Forest Geometries (Koningsbos)
To pass through the woods like a shadow...
During a residency at the Frans Masereel Centrum, an international printmaking centre in the Belgian countryside, I engaged in a site-specific performance project called Forest Geometries. Using forest floor materials - abundant and varied species of fungi and pine needles - from the lush Koningsbos forest nearby, I made a series of sculptural paperworks. Some of the pulp was formed into geometric shapes which distorted and tore themselves into unique forms as they dried. The rest was formed into sheets and cut into squares when dry.
The paper pieces were shown on the Frans Masereel Centrum gallery floor in sunlight, isolated from their environment by glass. They were then returned to the forest in a ceremony of apology. The paper, highly toxic to humans, was restored to a complex and ancient ecological system in which modern human intervention has been overwhelmingly short-sighted and destructive. Forest Geometries was an act of meditation on how far we humans have come from being able to emulate the cycle of complete disintegration and regeneration of every other species, and a challenge to the art-making culture which is often complicit in thoughtless consumption and pollution.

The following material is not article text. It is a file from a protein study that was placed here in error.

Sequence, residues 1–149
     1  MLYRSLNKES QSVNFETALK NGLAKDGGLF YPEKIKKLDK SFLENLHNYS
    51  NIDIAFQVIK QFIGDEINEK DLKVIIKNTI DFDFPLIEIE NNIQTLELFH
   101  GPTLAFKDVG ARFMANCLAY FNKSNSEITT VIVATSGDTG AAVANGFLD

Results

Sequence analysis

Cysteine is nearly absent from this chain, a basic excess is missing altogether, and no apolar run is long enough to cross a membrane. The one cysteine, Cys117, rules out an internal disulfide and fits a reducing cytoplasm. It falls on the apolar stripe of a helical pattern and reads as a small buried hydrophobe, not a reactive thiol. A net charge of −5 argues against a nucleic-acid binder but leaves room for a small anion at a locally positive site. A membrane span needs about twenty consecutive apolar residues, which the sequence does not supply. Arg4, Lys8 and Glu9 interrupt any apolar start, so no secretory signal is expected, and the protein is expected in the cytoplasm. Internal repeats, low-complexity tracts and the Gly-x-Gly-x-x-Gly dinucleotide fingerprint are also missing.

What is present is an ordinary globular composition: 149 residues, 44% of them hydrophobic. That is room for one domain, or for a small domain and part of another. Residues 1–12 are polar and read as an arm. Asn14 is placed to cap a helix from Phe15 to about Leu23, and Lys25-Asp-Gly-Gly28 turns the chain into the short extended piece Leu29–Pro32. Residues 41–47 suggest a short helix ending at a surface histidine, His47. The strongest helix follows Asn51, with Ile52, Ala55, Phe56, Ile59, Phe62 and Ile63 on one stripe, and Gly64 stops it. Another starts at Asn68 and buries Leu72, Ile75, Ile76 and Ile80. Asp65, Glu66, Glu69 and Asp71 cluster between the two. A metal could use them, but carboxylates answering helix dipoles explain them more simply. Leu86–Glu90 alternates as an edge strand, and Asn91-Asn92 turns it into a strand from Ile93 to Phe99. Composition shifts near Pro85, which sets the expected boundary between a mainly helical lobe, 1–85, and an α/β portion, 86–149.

It began to rain, and the paper started its slow process of decomposition back into the ground. The pieces resembled fallen leaves in jarringly geometric shapes. New leaves and pine needles fell on top of them, and tiny fungi sprouted up in the gaps. Several days later the pieces were still intact, but barely perceptible among the forest debris. Soon they had been completely reclaimed by a new generation of forest life.
Paper sculptures in Forest Geometries at the Frans Masereel Centrum gallery,
with the Koningsbos visible in the background
Squares of paper made from fungi and pine needles
Fungus and pine needle paper cast over a cube
Returning the paperworks to the forest
This unique piece remained in the Frans Masereel Centrum Collection as a record of the performance.
All remaining forest matter has biodegraded back into its habitat.
Thanks to my stellar foraging team and collaborators in group residency and show Environment/Process/Meditation at Frans Masereel Centrum:
Jamie Scherzer, Sariah Park, Xuewu Zheng and Malgorzata Oakes (behind the camera)